By Dave Kopel
Gun World, 1996. More by Kopel on politics and the gun issue.
It’s been nearly a year now, since George Bush resigned his NRA membership in a very public huff. As an NRA member myself, I haven’t missed him very much. But the story of George Bush’s relationship with the NRA—a story that the media entirely ignored while praising Bush’s resignation—is worth knowing, because the story shows the dangers that will be faced by gun owners should Republicans take the White House in 1996.
Now George Bush appears to be a nice guy. He served his country bravely during World War II. He would probably make a good neighbor. But in terms of how George Bush carried out his Presidential oath to defend the Constitution, including the Second Amendment, Bush was an absolute disaster.
George Bush’s first major political encounter with the gun issue came when Congress was enacting the Gun Control Act of 1968. Representative Bush was the only Texas Congressperson to vote for the Act, and when doing so, he said that much more needed to be done.
Technically, Bush’s vote wasn’t counted as an anti-gun vote by the National Rifle Association; the NRA agreed to a compromise by which the gun registration provisions would be removed from the bill, and the NRA, while not endorsing the bill, would not count a vote for the bill as an anti-gun vote.
Still, the entire Texas delegation (except for Rep. Bush) and many other legislator recognized the repressive potential of the Gun Control Act. Shortly after passage of the bill, the Bureau of Alcohol, Tobacco and Firearms (apparently given a green light by gun-hating President Richard Nixon), was perpetrating enforcement abuses against innocent citizens at a rate that has never been equaled, not even under the Clinton administration.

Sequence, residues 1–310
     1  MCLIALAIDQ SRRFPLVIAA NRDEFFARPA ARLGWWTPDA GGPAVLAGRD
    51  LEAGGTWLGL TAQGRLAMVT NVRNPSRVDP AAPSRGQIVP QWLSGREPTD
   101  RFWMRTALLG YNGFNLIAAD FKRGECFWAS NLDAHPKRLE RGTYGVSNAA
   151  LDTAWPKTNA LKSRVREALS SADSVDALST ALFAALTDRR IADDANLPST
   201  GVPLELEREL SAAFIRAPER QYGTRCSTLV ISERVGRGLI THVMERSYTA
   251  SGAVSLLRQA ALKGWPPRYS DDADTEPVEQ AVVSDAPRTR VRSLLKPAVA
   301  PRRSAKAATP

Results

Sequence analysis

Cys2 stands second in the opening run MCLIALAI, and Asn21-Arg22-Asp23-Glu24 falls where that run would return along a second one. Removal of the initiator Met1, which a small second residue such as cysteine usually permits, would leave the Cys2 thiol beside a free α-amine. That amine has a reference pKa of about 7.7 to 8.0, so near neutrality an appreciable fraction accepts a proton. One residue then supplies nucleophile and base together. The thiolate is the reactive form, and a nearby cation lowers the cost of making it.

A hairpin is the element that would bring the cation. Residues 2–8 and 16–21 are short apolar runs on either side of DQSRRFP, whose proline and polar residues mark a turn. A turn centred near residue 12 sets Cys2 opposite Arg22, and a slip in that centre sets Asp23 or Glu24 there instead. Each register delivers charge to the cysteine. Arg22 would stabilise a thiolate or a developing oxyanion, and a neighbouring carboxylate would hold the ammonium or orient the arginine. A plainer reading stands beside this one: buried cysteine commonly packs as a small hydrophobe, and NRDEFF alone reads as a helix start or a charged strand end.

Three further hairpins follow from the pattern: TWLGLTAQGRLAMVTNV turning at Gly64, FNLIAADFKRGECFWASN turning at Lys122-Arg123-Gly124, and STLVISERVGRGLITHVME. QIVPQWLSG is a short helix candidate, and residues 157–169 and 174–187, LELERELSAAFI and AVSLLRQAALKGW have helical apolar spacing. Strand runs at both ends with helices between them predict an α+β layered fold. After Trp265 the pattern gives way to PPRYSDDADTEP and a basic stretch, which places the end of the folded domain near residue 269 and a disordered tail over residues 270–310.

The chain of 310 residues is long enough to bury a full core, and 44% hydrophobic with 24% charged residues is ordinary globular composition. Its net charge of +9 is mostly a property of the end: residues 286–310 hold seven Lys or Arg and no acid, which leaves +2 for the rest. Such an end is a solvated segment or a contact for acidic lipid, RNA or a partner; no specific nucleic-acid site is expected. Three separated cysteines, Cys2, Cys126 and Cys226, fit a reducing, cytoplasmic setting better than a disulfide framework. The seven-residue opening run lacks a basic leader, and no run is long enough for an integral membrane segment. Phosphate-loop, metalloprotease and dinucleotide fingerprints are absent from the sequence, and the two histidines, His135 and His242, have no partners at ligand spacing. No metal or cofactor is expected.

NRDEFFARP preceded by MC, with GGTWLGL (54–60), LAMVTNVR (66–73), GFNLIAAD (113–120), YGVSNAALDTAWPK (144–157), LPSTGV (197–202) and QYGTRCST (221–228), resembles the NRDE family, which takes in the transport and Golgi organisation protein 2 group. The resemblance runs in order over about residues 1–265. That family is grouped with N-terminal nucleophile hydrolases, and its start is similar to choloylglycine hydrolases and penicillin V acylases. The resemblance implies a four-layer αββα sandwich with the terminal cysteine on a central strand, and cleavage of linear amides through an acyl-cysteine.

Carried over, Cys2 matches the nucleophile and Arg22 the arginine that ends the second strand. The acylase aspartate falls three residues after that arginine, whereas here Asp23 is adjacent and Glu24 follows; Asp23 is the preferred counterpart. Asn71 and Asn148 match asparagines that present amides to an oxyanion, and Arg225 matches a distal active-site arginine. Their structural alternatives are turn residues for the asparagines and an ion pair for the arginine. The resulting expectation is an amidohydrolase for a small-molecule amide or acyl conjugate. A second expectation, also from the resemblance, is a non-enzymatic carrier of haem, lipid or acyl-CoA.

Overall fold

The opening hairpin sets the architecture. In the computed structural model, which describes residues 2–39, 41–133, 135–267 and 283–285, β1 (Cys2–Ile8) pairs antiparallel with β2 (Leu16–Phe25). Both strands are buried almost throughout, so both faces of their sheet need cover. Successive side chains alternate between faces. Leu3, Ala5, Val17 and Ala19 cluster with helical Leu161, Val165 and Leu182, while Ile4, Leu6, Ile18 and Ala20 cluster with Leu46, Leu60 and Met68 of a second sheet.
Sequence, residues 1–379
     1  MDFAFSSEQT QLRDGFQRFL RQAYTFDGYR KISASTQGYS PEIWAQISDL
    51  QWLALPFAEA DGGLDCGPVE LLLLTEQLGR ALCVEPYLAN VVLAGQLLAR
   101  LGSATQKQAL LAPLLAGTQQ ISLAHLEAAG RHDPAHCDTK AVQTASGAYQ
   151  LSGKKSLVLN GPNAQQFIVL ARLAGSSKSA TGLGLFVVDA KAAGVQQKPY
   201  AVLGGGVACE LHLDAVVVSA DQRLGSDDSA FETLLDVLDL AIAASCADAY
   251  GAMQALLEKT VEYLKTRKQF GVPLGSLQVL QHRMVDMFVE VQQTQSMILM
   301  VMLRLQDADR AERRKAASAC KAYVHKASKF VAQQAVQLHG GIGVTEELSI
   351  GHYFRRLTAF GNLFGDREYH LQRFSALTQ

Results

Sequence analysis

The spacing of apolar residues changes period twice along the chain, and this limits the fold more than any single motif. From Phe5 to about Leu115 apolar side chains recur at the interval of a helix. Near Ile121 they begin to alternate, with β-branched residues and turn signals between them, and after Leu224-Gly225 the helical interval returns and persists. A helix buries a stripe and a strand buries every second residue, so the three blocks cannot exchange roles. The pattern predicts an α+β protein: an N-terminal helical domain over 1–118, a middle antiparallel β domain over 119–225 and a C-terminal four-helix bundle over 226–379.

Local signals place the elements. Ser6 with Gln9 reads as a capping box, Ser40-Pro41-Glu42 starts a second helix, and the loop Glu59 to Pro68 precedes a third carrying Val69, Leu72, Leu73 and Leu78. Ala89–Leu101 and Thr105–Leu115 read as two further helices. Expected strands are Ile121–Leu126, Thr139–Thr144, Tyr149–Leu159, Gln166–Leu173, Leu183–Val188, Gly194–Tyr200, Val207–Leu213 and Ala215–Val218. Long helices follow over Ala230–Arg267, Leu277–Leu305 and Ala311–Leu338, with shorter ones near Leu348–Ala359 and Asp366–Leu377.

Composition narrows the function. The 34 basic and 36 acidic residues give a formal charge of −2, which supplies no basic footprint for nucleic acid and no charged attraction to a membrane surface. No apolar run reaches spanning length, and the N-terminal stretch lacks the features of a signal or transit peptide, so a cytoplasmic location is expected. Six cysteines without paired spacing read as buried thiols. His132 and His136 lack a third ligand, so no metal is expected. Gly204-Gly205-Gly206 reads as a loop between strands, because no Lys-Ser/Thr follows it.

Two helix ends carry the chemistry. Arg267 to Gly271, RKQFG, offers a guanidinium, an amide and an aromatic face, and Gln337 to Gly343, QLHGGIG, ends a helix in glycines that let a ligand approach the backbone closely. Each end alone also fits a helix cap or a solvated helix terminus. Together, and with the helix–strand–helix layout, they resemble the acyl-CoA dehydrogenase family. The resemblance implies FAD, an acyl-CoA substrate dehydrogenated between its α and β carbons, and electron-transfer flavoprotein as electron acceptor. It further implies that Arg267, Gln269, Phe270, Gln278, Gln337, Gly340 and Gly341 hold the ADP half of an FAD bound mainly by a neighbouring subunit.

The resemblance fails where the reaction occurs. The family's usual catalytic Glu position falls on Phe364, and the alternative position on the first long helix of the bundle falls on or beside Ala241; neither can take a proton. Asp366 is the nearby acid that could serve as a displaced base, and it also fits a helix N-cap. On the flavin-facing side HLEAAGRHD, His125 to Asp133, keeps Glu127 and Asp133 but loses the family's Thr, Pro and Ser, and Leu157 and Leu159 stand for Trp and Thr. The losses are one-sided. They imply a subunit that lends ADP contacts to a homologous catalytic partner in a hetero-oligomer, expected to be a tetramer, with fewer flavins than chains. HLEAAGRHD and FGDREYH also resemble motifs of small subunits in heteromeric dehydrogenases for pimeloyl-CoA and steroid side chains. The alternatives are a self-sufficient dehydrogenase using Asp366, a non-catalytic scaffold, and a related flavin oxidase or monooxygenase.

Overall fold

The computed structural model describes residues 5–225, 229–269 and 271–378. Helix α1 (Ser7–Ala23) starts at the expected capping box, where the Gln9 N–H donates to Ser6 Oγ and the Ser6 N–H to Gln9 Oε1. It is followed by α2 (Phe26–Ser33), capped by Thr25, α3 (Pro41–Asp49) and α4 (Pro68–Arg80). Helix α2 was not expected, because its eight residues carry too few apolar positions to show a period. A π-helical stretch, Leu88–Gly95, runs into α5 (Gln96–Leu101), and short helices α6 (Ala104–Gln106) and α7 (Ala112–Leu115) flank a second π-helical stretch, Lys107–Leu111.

In 1972, Representative Bush captured the Republican nomination for Senate in Texas. But Bush was defeated by Democrat Lloyd Bentsen, who heavily stressed his own opposition to gun control, and Bush’s support for it. (Bentsen maintained a very strong pro-gun record in the Senate until 1990).
In 1980, Bush ran for the Presidency. He still liked gun control enough to endorse the idea of a ban on small, inexpensive handguns (so-called “Saturday Night Specials”). Ronald Reagan beat Bush in one primary after another, though, and Bush’s support for gun control and abortion hurt him badly among Republican activists.
As Vice-President, George Bush experienced what he described as a profound “change of heart” about abortion, and turned into a major opponent of abortion rights. He courted abortion opponents intensely, even demagogues like Jerry Falwell. Later, as President, Bush kept the promises he had made about abortion, and vetoed many pro-abortion bills passed by Congress.
On the gun issue, Bush underwent a similar, although shorter-lived conversion.
By the end of the Reagan Presidency, Ronald Reagan’s declining faculties had made him almost irrelevant to the Machiavellian policy-making going on in the White House. Attorney General Edwin Meese—not exactly a libertarian—was getting ready to have the administration endorse Senator Howard Metzenbaum’s bill to ban “plastic handguns.” (There’s no such thing, but the Metzenbaum bill would have outlawed many thousands of small, all-metal handguns, such as derringers, which were claimed to be invisible to airport metal detectors.)
The NRA went to Vice-President Bush, and he succeeded in blocking Meese’s plan. Gun control advocates were furious. Even without administration support, the Metzenbaum bill lost by only two votes in the Senate; had Bush not stopped Meese, the bill almost certainly would have passed.
In early 1988, with the Presidential nominating season about to begin, George Bush reached into his deep pocket, and bought himself a $500 life membership in the National Rifle Association.
After winning the Republican Presidential nomination in 1988, George Bush wrote a public letter to the NRA promising his opposition to waiting periods, gun bans, gun registration, and other forms of gun control.